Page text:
Read the full article here: Soft Matter 15, 5401, (2021).
by J. Heckel, F. Battia, R. Mathers and A. Walther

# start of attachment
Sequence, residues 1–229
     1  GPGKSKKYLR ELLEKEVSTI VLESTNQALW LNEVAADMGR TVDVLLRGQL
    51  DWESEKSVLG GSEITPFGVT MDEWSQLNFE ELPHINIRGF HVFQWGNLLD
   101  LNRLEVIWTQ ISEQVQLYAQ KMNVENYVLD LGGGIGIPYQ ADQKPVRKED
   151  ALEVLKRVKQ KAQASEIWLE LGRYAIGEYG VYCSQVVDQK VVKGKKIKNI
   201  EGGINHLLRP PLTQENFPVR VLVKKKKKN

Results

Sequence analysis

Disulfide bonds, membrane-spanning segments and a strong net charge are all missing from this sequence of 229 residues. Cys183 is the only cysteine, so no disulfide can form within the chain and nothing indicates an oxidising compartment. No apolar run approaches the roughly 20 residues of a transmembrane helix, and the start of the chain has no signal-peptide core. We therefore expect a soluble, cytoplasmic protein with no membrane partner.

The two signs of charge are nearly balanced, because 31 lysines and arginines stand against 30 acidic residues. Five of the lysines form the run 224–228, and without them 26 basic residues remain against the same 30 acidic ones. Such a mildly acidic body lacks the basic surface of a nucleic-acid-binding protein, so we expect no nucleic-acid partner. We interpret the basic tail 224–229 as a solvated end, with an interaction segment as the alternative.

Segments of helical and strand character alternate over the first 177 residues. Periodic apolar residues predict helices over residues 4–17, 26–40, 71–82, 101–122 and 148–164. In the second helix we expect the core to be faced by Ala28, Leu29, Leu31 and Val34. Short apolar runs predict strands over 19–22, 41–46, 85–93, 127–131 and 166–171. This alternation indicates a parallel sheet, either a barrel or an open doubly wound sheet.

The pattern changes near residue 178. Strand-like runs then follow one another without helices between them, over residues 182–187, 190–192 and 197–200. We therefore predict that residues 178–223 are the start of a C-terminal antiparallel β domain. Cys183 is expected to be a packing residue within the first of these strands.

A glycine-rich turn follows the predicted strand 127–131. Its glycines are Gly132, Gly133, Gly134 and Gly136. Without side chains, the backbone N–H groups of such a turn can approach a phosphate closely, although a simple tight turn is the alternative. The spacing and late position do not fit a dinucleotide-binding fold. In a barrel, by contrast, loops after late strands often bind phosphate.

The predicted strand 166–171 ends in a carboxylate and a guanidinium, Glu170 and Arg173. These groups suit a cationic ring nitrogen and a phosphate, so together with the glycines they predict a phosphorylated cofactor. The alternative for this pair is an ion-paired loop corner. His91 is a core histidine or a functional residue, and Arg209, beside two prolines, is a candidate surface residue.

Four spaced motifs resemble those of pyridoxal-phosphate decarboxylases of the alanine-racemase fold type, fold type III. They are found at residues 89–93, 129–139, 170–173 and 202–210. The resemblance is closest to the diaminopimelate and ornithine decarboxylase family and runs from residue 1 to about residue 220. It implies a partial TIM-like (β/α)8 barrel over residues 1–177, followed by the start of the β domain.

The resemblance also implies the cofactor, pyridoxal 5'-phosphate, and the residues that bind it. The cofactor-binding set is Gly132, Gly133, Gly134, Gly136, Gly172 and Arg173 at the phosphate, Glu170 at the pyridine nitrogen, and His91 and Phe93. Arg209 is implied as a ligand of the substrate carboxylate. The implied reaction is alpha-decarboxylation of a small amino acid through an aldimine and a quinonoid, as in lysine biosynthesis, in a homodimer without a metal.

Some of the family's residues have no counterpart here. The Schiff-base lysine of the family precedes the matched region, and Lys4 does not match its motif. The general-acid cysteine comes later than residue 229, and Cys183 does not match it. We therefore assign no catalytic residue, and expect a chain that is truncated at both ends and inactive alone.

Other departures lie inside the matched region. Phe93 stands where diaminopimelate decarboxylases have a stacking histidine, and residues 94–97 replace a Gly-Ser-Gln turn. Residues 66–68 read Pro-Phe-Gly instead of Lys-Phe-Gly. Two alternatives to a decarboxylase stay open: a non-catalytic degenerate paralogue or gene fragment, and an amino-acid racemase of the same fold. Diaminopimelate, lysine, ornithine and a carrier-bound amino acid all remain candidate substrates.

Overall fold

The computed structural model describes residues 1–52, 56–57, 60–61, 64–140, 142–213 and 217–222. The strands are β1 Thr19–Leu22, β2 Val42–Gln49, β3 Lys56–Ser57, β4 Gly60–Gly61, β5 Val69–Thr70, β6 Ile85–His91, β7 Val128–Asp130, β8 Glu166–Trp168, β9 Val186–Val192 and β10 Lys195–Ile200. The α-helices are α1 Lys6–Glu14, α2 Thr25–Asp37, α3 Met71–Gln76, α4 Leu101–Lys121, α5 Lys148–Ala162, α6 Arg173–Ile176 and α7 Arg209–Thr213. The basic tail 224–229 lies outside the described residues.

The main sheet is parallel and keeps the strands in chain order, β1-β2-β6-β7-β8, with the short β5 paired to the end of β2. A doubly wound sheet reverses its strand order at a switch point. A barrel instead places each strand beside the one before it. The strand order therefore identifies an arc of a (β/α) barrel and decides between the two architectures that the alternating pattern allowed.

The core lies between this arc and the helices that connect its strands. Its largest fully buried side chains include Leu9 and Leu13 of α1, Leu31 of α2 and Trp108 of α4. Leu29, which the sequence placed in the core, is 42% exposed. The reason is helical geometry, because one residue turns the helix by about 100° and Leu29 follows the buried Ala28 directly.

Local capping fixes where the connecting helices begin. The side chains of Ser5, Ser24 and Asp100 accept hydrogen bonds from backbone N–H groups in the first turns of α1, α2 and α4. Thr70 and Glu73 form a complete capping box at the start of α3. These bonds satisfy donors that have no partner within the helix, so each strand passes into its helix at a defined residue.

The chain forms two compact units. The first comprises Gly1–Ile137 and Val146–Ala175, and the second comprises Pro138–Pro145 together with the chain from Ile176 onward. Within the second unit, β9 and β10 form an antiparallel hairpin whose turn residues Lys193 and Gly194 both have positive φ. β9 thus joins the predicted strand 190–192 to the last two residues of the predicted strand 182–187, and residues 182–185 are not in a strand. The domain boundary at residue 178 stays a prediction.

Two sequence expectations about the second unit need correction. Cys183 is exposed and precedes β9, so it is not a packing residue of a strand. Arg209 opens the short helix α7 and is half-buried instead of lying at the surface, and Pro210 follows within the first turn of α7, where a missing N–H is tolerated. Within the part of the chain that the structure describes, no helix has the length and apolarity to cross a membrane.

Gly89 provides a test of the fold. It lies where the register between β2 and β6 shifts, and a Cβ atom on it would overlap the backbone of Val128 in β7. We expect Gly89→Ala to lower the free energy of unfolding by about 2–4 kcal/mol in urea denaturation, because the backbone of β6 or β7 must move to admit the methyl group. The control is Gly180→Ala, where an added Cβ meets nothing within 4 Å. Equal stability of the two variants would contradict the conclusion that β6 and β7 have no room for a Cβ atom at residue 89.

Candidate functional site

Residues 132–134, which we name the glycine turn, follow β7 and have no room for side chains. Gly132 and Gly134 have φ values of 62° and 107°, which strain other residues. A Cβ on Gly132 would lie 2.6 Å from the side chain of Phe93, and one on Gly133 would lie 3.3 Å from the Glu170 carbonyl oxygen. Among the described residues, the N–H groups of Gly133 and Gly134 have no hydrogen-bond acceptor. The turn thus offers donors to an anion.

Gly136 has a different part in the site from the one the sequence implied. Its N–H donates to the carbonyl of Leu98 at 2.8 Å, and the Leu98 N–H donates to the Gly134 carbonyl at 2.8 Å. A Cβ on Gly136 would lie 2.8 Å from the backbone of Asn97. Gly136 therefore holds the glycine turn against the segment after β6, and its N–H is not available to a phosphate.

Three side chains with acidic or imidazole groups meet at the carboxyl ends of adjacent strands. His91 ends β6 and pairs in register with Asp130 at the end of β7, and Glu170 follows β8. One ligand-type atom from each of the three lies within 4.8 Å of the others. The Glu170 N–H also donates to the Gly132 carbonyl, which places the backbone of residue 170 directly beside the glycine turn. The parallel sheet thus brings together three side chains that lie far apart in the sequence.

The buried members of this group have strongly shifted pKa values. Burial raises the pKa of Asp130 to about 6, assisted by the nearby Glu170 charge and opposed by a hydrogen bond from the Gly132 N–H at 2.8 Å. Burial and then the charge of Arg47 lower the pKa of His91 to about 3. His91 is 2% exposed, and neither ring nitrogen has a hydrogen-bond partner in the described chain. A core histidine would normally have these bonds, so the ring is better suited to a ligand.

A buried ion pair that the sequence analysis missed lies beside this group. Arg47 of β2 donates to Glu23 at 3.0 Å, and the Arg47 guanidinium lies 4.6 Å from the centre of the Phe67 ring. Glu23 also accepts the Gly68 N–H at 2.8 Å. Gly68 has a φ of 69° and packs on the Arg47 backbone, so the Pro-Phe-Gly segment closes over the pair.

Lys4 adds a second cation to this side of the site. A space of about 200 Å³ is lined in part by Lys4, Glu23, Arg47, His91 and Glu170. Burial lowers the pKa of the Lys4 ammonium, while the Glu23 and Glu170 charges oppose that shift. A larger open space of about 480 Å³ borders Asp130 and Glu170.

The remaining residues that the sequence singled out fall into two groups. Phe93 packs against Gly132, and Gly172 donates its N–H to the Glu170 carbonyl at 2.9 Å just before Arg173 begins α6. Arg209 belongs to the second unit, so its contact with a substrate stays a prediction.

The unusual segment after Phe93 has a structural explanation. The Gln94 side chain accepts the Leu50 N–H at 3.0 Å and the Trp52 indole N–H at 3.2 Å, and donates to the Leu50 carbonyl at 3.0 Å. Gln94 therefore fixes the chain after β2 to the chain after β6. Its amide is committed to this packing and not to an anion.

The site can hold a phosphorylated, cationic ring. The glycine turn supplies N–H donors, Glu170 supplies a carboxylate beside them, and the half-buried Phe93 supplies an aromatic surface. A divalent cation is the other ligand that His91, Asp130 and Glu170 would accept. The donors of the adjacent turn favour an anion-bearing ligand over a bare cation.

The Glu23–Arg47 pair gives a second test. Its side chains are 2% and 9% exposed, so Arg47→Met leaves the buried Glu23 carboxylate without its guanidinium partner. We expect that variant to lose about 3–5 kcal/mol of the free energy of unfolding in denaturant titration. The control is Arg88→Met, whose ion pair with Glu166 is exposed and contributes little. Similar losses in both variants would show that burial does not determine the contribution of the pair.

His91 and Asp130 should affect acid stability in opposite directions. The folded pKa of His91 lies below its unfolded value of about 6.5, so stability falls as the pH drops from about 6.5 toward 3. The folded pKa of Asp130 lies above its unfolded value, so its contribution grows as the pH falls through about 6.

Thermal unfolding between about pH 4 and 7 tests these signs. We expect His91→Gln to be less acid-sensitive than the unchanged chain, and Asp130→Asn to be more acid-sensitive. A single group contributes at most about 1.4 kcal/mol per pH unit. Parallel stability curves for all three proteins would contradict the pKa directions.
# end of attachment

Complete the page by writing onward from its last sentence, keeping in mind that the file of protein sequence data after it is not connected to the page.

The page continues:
Out-of-equilibrium phase transitions driven by dissipation of chemical energy are a common mechanism for morphological organization and temporal programming in biology. Inspired by this, dissipative self-assembly utilizes chemical reaction networks (CRNs) that consume high-energy molecules (chemical fuels) to generate transient structures and functionality. While a wide range of chemical fuels and building blocks are now available for chemically fueled systems, so far little attention has been paid to the phase-separation process itself. Herein, we investigate the chemically fueled spinodal decomposition of poly(norbornene dicarboxylic acid) (PNDAc) solution, which is driven by a cyclic chemical reaction network. Our analysis encompasses both the molecular level in terms of the CRN, but also the phase separation process. We investigate the morphology of formed domains, as well as the kinetics and mechanism of domain growth, and develop a kinetic/thermodynamic hybrid model to not only rationalize the dependence of the system on fuel concentration and pH, but also open pathways towards predictive design of future fueled polymer systems.